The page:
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Listen back with John Duggan.
Podcast Link: Self-employed and applying for a mortgage
With nearly 1 in 5 of the Irish workforce working in a self-employed capacity, it’s important to understand how banks and lenders will assess your income when applying for a mortgage.
Self employed applicants include:
For business owners, lenders will look for a history of the company’s performance and the level of earnings being declared over a minimum of the previous 2 years. The lender will take an average of the income when assessing the maximum mortgage available.
Lenders will look to take either the net profit or the income that has been drawn out of the company as income and declare it to review on the tax returns.
Where a company is relatively young, the first year is typically the ‘weakest’ year with start-up costs reducing the net profit. Taking an average can help balance this out. However, it’s important to note that because of this, some applicants may want to wait until they have a full 3 years available so the stronger years can be used for assessment.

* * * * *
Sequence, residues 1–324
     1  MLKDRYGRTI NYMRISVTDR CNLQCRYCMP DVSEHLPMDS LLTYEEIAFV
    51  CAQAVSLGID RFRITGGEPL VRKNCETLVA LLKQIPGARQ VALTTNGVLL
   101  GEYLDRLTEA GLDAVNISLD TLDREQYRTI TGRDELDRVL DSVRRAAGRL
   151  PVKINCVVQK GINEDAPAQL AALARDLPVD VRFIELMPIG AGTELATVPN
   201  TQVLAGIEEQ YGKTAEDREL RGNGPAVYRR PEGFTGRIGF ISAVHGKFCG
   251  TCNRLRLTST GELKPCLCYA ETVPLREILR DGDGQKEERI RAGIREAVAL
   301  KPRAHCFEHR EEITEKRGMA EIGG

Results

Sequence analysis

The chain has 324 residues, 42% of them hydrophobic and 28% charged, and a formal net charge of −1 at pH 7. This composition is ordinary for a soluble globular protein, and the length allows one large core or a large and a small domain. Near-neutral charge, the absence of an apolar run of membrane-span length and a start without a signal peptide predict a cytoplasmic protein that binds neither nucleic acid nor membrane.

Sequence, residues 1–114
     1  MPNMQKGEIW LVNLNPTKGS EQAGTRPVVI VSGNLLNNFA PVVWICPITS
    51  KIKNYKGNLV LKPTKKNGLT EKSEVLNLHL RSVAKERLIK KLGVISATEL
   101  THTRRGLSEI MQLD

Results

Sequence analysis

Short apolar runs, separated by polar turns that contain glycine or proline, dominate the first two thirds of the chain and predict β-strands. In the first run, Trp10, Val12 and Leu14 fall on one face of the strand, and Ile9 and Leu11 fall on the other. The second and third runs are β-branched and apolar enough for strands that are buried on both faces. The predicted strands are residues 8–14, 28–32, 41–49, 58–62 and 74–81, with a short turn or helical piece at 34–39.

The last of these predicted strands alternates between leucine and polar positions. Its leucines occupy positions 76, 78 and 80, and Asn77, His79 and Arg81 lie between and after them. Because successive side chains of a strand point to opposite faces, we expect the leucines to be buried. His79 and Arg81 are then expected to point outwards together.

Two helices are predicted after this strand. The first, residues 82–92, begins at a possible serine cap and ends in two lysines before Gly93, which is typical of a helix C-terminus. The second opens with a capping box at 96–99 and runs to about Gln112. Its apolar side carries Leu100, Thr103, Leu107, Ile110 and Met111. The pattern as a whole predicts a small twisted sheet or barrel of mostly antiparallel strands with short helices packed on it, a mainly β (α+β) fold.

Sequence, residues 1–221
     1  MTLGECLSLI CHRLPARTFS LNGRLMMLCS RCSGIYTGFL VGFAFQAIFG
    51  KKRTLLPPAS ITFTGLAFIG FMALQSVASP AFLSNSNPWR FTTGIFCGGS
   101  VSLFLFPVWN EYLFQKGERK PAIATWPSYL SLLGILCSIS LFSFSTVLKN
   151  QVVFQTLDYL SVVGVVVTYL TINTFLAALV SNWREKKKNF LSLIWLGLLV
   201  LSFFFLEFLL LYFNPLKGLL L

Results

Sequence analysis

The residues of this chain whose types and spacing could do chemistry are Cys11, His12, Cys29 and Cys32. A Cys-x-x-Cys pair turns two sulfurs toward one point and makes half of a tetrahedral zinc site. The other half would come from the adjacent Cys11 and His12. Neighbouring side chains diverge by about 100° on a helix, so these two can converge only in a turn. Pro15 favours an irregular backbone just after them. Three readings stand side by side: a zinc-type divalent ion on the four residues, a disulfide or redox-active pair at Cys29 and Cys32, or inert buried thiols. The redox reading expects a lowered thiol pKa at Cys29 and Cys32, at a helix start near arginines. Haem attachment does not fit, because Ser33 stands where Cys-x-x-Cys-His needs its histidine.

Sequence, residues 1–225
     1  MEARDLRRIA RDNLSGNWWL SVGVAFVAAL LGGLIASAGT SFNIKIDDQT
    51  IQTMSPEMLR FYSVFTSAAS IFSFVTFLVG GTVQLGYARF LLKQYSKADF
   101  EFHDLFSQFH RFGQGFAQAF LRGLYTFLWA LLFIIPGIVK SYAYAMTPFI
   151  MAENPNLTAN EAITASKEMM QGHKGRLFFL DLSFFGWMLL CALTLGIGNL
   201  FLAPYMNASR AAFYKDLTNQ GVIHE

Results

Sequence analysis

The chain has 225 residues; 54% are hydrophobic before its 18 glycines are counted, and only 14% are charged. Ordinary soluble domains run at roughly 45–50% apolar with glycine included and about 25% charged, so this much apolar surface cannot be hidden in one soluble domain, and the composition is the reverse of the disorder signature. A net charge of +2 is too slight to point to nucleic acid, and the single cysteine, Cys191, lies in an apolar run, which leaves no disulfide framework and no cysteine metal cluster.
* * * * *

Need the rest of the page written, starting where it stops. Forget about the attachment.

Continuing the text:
For landlords, this could be 1 property let out or multiple units. The lenders will look for evidence that the rental income has been declared to revenue, and will want to see the 2 years previous tax returns to validate and include this income.
Many fixed-term contract workers have moved to a self-employed capacity to benefit from paying less tax when compared to being PAYE. The banks will want to see you have a history of contracting for a minimum of 12 months and that you are currently under contract.
As there are a wide variety of business types, speaking with a broker will support you in ensuring the maximum income is taken into account for your application and that you are placed with the best lender to meet your needs.